2. A person's wealth does not make him politically smart. He may be a good business man, but his views on politics are idiotic. George Soros is wealthy, too, but he's done horrible things in his life like helping the Nazis, so wealth doesn't mean anything to me. What matters to me is emotional intelligence and heroics like those who resisted the Nazis. My grandfather didn't make a lot of money but he worked hard and taught me a lot. That's a man I respect. My real heroes are the people that fight for the Jewish state, who are bravely in the IDF who've sacrificed for their country. Not how much money you make.

  3. I'll concede that George Soros has appalling views and does a lot of damage with his money. Naftali Bennett does have an amateur-streak (and I am not happy about his comments on continuing IDF service exemptions for yeshiva students) but one of Israel's problems is its constant recycling of its political "talent." I hope he has a successful political career and a short one. I don't want to see him recycled like Barak, Bibi, Peres, Livni, Deri, (probably Olmert in the next election) and others I'm sure I'm missing.

  4. I understand, but his views believing that Obama has Israel's back and that he believes that Obama's position on IRan is incredibly naive. So who cares how much money he makes, his positions on foreign policy regarding is dangerously idiotic. We need new talent but surely we can do better than Bennett.

  5. Correction, Singapore has a smaller GDP. In 2011, it was $239 billion for Singapore and $242 billion for Israel.

    Aside from that, you're right. Israel has the potential to be a true economic powerhouse. Two things are about to spike Israel's GDP dramatically: The increasing participation of Arabs and Haredim in the workforce, and the discovery of the gas fields.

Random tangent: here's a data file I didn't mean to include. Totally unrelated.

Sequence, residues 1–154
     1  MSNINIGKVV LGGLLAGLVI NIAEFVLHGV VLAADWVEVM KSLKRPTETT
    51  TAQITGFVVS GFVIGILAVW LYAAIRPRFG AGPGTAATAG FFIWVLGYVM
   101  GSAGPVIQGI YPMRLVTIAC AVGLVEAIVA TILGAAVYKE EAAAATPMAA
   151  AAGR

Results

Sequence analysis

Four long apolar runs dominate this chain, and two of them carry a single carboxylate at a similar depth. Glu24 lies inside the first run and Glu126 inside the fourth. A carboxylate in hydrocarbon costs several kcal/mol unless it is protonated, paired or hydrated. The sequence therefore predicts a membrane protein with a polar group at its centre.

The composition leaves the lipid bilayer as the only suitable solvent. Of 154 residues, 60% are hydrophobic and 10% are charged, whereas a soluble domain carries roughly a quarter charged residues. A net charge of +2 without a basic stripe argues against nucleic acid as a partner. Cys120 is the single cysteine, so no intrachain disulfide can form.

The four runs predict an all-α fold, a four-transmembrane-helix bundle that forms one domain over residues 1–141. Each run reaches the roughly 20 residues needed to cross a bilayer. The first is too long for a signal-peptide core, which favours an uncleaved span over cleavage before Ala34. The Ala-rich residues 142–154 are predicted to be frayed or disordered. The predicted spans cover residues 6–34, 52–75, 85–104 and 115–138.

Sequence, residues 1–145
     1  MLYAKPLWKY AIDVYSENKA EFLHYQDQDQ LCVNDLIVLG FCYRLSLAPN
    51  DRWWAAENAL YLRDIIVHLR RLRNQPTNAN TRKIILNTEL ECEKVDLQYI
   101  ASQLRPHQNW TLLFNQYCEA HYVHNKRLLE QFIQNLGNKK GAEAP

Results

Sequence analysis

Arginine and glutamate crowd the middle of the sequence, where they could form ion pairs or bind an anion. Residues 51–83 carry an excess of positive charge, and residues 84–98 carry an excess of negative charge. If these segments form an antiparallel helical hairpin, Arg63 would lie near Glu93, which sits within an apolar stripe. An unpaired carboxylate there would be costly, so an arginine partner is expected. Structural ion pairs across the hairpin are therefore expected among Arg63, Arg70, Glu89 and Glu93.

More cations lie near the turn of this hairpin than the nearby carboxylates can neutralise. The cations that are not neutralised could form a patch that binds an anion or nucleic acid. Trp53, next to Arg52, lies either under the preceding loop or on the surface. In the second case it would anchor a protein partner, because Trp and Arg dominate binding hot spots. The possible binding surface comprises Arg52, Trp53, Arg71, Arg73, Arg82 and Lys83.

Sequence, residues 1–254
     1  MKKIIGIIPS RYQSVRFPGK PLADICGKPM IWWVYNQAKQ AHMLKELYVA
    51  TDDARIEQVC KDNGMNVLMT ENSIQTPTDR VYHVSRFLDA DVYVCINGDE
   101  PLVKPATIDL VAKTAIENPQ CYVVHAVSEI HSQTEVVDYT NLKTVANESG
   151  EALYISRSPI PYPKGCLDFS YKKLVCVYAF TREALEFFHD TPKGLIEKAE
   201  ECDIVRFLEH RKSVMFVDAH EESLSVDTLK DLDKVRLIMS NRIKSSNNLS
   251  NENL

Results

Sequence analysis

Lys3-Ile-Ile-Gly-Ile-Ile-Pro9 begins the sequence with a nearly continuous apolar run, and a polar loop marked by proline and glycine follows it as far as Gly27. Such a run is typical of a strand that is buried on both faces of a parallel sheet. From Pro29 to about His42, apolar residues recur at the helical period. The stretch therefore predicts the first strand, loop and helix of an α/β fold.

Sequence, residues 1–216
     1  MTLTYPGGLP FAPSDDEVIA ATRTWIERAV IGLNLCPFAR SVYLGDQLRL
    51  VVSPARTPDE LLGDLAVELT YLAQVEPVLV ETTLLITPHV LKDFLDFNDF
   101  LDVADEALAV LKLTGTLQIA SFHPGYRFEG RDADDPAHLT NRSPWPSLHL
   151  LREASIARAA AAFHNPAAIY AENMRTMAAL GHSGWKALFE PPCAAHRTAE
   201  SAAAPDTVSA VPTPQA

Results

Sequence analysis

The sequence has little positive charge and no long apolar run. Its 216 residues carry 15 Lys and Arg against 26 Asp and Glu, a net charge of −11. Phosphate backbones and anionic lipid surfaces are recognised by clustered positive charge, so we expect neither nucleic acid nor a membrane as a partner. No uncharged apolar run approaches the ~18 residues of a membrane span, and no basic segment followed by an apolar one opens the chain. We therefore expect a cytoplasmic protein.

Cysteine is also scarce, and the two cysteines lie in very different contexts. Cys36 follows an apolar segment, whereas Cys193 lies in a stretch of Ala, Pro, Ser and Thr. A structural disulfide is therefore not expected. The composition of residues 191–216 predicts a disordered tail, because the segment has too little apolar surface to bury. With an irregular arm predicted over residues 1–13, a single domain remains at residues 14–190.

If you strip away the socialism, and take into account Israel's rapidly-growing population (which will likely surpass 10 million during this decade), then Israel's GDP will skyrocket. And as the country's population grows, you could even see it enter the trillion-dollar club (if Australia with a population of 20 million can have a trillion-dollar GDP, whose to say a resource-rich Israel with, say, 15 million can't do the same?).

  6. Back to my original point, which is the fact that he is politically naive. All his accomplishments are fine but his opinion is not dealing with reality. Ok, so he was a great soldier, not every soldier is a good leader. His opinions on Obama. I appreciate your baseball reference but you did read my initial comments about his political beliefs.

  7. I get the feeling when reading his comments regarding Obama that they were merely "nice talk" and that he didn't truly trust him. I hope that is the case because Obama and his choices for cabinet members is showing clearly his plans to use these people to further alienate Israel and then blame it on his cabinet. He has an evil agenda for America and Israel and I pray people wake up before it is too late. Unfortunately for us it appears Obama has more people fooled than any other official in our history.

  8. Bennett is another right winger waiting to turn leftist as soon as he's elected. Bennett left Yesha after supporting Livni instead of Bibi; so, expect him to turn to the other side after the election. Power to Israel seems to be the only honest party running in this election.